The draft Environment Bill published yesterday by the Government does not go far enough to tackle the serious environmental challenges we face or provide legal certainty for the future of our natural world, say The Wildlife Trusts. And nor does the accompanying policy note.
The Bill and policy note fall short in a number of ways:
- The proposed green watchdog is too weak. Much more is needed if it is to bear any comparison to the environmental enforcement powers currently held by the European Commission and Court. To do this the watchdog would need to be more independent and able to hold the whole Government to account, including through having powers to issue fines if the Government fails to implement environmental legislation properly.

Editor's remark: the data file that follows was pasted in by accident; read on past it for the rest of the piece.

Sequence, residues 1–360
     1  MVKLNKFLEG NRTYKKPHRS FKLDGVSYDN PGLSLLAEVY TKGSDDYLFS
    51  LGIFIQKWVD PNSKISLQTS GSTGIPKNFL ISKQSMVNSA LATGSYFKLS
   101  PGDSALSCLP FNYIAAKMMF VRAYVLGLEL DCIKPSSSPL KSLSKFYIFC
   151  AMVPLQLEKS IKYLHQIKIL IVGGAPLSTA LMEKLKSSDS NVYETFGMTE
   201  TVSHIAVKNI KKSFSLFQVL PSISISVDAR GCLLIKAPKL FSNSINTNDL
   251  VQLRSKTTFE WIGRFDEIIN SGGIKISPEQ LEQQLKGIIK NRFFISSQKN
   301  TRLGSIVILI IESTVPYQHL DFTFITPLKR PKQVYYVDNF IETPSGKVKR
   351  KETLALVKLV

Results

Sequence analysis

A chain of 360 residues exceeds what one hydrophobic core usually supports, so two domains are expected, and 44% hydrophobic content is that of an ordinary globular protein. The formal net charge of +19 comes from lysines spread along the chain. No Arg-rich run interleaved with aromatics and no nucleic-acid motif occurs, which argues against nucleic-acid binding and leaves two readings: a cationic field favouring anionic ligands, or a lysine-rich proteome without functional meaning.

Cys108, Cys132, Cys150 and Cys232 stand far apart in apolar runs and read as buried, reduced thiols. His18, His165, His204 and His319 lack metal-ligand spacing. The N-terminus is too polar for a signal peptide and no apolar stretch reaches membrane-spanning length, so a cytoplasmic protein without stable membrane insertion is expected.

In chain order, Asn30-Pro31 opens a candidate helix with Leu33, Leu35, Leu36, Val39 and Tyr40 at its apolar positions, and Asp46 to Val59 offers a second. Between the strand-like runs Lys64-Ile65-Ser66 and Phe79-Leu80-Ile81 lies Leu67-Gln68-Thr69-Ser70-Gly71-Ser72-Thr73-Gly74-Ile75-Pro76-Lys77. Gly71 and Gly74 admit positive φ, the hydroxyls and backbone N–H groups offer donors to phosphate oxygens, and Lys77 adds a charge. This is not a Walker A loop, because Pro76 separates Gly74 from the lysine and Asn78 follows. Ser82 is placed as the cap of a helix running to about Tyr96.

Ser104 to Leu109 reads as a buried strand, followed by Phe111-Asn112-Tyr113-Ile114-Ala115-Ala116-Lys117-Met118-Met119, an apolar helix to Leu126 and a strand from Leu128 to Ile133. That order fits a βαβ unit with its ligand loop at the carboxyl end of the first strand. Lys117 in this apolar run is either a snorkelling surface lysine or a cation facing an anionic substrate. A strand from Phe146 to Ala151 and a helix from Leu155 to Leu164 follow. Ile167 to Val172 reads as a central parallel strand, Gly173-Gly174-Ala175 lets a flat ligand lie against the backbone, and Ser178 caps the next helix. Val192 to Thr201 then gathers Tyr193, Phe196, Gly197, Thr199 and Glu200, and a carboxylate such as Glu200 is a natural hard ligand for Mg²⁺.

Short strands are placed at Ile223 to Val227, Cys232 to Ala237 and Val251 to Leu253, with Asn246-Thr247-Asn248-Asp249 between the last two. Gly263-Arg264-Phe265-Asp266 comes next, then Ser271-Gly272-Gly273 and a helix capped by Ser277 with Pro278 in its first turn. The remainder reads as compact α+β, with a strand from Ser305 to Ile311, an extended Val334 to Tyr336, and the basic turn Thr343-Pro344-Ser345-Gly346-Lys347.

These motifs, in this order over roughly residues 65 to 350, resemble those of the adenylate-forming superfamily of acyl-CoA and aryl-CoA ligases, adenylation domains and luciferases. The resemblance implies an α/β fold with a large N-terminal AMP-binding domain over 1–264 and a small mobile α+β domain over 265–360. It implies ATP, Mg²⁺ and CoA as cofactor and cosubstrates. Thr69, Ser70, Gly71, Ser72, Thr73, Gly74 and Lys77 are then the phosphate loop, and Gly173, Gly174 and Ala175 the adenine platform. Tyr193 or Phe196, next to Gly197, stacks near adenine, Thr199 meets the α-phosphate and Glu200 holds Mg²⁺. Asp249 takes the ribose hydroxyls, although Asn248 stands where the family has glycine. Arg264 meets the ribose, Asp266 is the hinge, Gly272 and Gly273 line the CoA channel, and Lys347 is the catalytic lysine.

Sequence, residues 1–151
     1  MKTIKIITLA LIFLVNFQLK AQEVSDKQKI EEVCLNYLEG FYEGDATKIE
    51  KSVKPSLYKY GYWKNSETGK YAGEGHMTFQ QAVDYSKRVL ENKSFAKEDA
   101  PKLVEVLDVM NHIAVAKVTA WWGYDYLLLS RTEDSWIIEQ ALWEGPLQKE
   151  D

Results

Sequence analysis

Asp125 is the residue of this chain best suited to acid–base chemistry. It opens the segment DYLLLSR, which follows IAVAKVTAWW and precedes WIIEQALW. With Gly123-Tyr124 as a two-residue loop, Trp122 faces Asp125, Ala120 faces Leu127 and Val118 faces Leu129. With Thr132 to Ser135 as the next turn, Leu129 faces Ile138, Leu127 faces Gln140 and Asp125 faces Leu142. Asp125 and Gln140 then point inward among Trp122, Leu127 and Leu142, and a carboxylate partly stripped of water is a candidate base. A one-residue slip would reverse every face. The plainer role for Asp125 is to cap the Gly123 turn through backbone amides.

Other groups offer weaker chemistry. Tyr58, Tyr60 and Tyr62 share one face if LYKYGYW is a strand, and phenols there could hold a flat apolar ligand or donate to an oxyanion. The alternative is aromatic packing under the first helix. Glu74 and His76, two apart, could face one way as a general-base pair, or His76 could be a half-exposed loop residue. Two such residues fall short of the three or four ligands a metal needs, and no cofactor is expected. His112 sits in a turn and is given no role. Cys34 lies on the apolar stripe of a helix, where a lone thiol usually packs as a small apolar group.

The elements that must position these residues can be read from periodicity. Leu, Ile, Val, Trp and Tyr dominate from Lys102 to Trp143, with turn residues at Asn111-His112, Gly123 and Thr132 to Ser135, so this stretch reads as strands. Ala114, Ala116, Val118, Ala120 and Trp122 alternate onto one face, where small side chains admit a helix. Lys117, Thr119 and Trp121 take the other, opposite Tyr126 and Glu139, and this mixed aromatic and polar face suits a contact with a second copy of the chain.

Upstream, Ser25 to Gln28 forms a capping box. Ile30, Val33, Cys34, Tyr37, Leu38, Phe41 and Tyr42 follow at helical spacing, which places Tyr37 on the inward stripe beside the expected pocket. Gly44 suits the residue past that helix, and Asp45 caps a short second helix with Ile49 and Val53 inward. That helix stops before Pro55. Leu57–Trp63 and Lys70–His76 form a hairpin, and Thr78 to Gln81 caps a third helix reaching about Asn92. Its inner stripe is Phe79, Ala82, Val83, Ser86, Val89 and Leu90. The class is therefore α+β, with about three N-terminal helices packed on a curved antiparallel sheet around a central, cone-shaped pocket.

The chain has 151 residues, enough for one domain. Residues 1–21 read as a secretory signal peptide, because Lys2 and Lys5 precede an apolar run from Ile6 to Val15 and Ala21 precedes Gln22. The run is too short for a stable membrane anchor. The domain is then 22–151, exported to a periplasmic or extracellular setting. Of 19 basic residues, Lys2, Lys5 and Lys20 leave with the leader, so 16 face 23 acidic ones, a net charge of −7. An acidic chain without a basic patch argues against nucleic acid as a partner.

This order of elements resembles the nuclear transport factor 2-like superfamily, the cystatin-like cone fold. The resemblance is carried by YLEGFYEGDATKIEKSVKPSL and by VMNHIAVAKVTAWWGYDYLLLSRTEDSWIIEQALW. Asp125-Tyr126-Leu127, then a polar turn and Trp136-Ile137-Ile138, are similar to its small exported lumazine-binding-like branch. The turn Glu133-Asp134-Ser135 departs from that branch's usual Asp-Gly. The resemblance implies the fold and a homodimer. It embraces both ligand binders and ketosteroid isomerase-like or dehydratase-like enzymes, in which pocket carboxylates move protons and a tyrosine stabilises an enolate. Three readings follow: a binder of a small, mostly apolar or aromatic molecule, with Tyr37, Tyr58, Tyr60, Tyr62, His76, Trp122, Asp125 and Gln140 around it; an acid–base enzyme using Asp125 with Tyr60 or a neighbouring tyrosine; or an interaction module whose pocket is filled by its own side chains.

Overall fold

- The Policy Note misses out nature recovery networks. We are disappointed that it fails to propose key measures needed to secure nature’s recovery; not least requiring the production of nature recovery network maps and compliance with these. (See The Wildlife Trusts’ Wilder Britain proposals)
The Government has committed in its manifesto to being the first generation to leave the environment in a better state than it found it. Leaving the E.U. and then introducing a weak Environment Bill will not achieve this. The Wildlife Trusts believe that this Bill, so far, is not good enough.
Nothing can replace the full powers now held by the EU and European Court of Justice that have forced us to clean up our rivers and seas and protect key wildlife sites. But a really powerful independent watchdog would make a big difference.